Interview with Diane Warren

Wheneverver I think about Diane Warren, the first five songs that immediately pop in my head are Aerosmith’s I Don’t Want to Miss a Thing, Aguilera’s I Turn to You – though I recently found out it was an All-4-One song first – Toni Braxton’s Un-Break my Heart, LeAnn Rimes or Trisha Yearwood’s How Do I Live, and Celine Dion’s Because You Loved Me.

Though, Warren’s list of songs and hits are more than a couple of hundreds, including translations of her songs into Spanish, French, Portuguese, and Japanese. Warren’s name may not be easily recognized, but her songs and sounds have been heard around the globe.

YAM managed to chat with Ms. Warren in honor of the release of Chinese singer Bibi Zhou’s (Zhou Bichang) latest album i.Fish.Light.Mirror, which includes one of Warren’s compositions, titled I Miss U Missing Me [MV]… which has also been translated into Mandarin as Yi Di Lei de Ju Li (一滴淚的距离, A Tear in the Distance) [1].

I have been preparing for this interview for the past two or three weeks, though I have been listening to her songs since I’m old enough to remember. After all, Warren’s first charting hits began in ‘83 and ‘85… and I was born in ‘86. She especially marked a big chunk of my teenage years with songs like Can’t Fight the Moonlight, Please Remember, or But I Do Love You, all performed by LeAnn Rimes for the Coyote Ugly Soundtrack. Warren wrote songs for pretty much all the boy bands I grew up listening to, like 98 Degrees, Westlife, BackStreet Boys, and Nsync, these guys even performed Music of my Heart at the Academy Awards with Latin sensation Gloria Estefan.

And talking about Latin music, Warren has also written songs for Ricky Martin, Jon Secada… and her Spanish translations have been performed by the likes of Yuri, Luis Miguel and Chayanne. Please, Ms. Warren is just a global songwriter!

Let’s start with a pressing curiosity. I was at a Karaoke bar the other day, and when I Don’t Want to Miss a Thing started playing, everyone sang it out loud. What makes this song special that everyone knows it by heart and wants to sing it at the top of their lungs?
I just think it’s one of those songs, one of those melodies that anybody can sing. It kind of makes you feel good. That was in Peru, right?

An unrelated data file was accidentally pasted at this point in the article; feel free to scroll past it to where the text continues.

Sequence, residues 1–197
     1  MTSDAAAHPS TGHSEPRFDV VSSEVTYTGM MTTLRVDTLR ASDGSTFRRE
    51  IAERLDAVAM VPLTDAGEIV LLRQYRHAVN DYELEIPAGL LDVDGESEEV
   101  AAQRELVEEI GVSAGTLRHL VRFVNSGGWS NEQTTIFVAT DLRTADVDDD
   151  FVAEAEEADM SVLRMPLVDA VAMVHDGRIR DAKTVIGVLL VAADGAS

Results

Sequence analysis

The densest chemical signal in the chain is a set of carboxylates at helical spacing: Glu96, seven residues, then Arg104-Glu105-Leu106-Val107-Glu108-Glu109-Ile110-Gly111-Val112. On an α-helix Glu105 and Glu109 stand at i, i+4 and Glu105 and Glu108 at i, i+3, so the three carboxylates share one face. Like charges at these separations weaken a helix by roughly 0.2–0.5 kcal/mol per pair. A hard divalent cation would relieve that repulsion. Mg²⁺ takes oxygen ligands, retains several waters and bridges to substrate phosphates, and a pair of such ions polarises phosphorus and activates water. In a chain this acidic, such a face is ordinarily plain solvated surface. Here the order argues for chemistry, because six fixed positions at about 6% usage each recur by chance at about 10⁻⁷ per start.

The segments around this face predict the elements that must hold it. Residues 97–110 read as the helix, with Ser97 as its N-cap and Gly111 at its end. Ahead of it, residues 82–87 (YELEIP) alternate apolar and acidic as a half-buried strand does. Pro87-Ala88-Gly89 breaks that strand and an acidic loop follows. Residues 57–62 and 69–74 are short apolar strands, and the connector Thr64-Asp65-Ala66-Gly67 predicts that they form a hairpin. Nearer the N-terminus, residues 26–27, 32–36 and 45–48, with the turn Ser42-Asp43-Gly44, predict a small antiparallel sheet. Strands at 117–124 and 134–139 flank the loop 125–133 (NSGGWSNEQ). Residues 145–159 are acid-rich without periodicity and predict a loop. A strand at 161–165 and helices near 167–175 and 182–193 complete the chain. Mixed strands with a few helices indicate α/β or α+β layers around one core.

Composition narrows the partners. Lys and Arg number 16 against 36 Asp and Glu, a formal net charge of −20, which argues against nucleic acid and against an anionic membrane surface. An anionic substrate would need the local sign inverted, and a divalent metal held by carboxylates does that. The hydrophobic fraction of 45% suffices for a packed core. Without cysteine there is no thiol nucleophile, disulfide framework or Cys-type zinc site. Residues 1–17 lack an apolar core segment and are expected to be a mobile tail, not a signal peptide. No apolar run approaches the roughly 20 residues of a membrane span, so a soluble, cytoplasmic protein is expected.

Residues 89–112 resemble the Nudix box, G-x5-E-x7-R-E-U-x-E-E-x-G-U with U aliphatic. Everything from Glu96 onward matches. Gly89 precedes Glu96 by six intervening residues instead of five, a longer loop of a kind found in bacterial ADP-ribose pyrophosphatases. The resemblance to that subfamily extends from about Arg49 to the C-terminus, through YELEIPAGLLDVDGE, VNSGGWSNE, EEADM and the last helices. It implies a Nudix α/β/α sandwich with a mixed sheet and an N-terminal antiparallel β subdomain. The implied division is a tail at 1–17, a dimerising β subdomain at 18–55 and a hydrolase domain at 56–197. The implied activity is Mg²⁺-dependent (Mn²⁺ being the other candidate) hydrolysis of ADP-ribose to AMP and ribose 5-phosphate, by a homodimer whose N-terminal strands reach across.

It just goes to show you that a melody goes around the world. It’s got the right melody, the right words… it’s just a world’s song. It’s such a great example of that, it just stands on its own.

What was the thought behind I Don’t Want to Miss a Thing?
I was thinking about loving someone so much, that you even miss them in your sleep. It’s not how I would feel about anybody, but there’s people that have that kind of love. You just can’t wait to see them. It’s just a very cool idea.

We just got really interested in contacting you when we read about your recent composition for Chinese singer Bibi Zhou.
How do you know a Chinese vocalist in Peru?

I’m a Chinese descendant, so I look for a lot of entertainment information online. In fact, our job in YAM is to talk about all of entertainment from around the world. So when we learned of your collaboration, I lost it.
She’s a good singer, huh?

She is one of the best vocalists.
Yeah, I thought she was great.

How did that come about?
That was actually Julie in my office, she’s the one that sent her the song. She does a lot of the European and Asian deals, and she told me about her, so I checked her out. I thought Bibi was great when she did the song. It’s always nice when they record your songs from different countries. It’s kind of the same thing with I Don’t Want to Miss a Thing in a Karaoke bar in Peru. It’s worldwide.

Is this your first direct collaboration with an Asian artist? I mean, I know that your songs have also been translated to Japanese and other languages.
No, I’ve done other stuff with other Asian artists. I don’t normally write songs for people. I wrote it, and then turned out to be a great song for her. She made it her own, and became her song, you know what I mean?

Have you heard the Mandarin translation?
I haven’t heard that yet. Is it beautiful?

Yes, it sounds great. It was translated into A Tear in the Distance.
Oh, wow. Yeah, it’s not going to mean exactly what it means in English, which is fine. Is Bibi a big artist out there?

Yeah, she was actually the runner-up on a pop idol singing contest.
Oh, wow. Is it like American Idol?

Yeah, but it’s only for girls. It’s called Super Girl.
Super Girl, I like that.


YAM Magazine editor, photographer, blogger, translator and part-time web designer. Film junkie, music junkie… and lately series (a.k.a. TV) junkie.

2 Responses

  1. Daqing says:

    You should introduce Laure Shang to her. She might want to wrote a song for her too.

    • amy says:

      @Daqing, I don’t know her personally. I’m sure if Laure wanted to sing a Warren song, she’d or her management should be able to get her contact information.

      To be honest, I’ve never imagined Laure singing a Warren power ballad, I think her voice and personality are best suited to the musicians she’s collaborated with – Lara Fabian, and other francophone performers. They’re essentially strong power ballads, but Warren’s composition demands a certain… Rachel Berry’s Glee type. LOL

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